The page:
All images courtesy of BIG/The Smithsonian
The Smithsonian, the world’s largest museum and research complex, has revealed plans for the renovation of the site’s south mall campus – the museums and gardens positioned along independence avenue in Washington DC.
After being announced as the project’s architect in early 2013, Bjarke Ingels Group (BIG) has subsequently designed a masterplan that will be implemented over a 20 year period, starting in 2016. The comprehensive overhaul includes the revitalization of the castle, with expanded visitor services, new mall-facing entrances to The National Museum of African Art and The Arthur M. Sackler Gallery, and improved visibility and access from The Freer Gallery of Art to The Hirshhorn Museum and its adjacent sculpture garden.
The vast redesign seeks to accomplish three primary objectives: to improve and expand visitor services and education, to create clear entrances and connections between the museums and gardens, and to replace aging building mechanical systems that have reached the end of their lifespan.
‘To resolve the contradictions between old and new, and to find freedom within the boundaries of strict regulation and historical preservation, we have chosen to carefully reinterpret the elements that are already present in the campus,’ explained Bjarke Ingels, founding partner at BIG. 'By forging new links between the various technical, programmatic, logistical and curatorial demands, we have created a new landscape of connectivity and possibility. We believe this plan holds the potential to guide the smithsonian south mall campus into the future while remaining firmly rooted in its heritage.'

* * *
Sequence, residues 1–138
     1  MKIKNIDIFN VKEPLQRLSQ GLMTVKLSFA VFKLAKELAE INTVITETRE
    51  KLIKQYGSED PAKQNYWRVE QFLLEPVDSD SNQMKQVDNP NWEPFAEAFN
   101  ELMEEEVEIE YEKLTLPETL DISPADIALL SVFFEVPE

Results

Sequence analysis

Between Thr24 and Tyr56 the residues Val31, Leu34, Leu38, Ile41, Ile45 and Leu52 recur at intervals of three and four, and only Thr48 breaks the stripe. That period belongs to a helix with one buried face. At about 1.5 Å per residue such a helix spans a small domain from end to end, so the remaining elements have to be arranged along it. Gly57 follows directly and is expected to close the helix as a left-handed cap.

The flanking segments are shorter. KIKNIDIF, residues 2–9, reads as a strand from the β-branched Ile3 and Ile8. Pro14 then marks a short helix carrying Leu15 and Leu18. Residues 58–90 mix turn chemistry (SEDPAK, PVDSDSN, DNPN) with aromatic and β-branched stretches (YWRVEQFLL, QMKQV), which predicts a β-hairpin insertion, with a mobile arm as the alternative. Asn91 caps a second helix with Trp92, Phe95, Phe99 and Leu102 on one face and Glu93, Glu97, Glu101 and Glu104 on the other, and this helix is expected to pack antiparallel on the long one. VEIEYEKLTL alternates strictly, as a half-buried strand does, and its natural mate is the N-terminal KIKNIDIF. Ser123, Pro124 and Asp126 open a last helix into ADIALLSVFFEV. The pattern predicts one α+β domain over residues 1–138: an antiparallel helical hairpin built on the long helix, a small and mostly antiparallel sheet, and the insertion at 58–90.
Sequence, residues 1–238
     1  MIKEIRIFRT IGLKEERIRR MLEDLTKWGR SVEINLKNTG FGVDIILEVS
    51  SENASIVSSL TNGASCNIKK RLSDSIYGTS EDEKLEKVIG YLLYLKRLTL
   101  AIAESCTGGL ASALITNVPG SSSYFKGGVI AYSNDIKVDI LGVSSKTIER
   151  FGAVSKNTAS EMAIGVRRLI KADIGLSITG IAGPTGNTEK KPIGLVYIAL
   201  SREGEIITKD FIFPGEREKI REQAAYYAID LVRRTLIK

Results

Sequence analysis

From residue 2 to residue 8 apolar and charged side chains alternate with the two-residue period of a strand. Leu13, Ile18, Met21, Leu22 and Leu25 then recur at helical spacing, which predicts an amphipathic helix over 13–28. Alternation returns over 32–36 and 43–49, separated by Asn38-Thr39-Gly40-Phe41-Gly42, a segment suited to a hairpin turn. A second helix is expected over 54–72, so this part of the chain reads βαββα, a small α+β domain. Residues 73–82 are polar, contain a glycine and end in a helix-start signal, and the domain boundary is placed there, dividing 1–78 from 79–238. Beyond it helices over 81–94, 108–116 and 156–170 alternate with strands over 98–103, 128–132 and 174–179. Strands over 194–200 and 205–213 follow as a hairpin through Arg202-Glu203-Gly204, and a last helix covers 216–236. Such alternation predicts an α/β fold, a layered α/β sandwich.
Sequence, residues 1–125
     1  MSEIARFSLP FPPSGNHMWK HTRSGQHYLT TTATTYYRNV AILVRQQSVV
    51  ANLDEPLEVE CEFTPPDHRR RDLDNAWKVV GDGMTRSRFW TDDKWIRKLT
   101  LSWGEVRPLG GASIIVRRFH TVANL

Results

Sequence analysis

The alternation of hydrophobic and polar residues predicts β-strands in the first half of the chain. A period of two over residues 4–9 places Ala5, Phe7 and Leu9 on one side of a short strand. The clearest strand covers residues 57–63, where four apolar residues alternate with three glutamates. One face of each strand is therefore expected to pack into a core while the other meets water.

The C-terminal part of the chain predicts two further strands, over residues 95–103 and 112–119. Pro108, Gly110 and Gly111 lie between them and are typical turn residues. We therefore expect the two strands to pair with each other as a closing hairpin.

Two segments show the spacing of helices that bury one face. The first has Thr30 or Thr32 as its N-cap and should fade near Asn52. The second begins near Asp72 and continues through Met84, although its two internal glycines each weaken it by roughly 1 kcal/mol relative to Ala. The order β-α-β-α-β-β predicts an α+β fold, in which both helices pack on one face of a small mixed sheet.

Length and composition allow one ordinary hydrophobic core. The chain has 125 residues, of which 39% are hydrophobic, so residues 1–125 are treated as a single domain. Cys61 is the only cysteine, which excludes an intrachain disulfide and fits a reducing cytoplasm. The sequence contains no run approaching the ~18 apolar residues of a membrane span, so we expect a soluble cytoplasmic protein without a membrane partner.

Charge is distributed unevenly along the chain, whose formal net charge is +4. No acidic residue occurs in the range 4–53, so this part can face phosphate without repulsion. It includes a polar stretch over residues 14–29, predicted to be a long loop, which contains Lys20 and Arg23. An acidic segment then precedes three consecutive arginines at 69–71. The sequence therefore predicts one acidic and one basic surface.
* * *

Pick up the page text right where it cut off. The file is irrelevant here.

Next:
The centerpiece of the plan is the complete restoration of the distinctive smithsonian castle, which originally opened in 1855. The building’s historic great hall, which has been considerably altered by insensitive partitions will be renovated to include a two-level underground space for visitor services such as cafés and gift shops, providing direct access to to Enid A. Haupt Garden and the underground Ripley Centre.
The original roof of the quadrangle building under the haupt garden will also be replaced, bringing daylight into the underground complex for the first time. The project’s initial cost estimate is $2 billion, which will be funded through a mix of private and federal investment.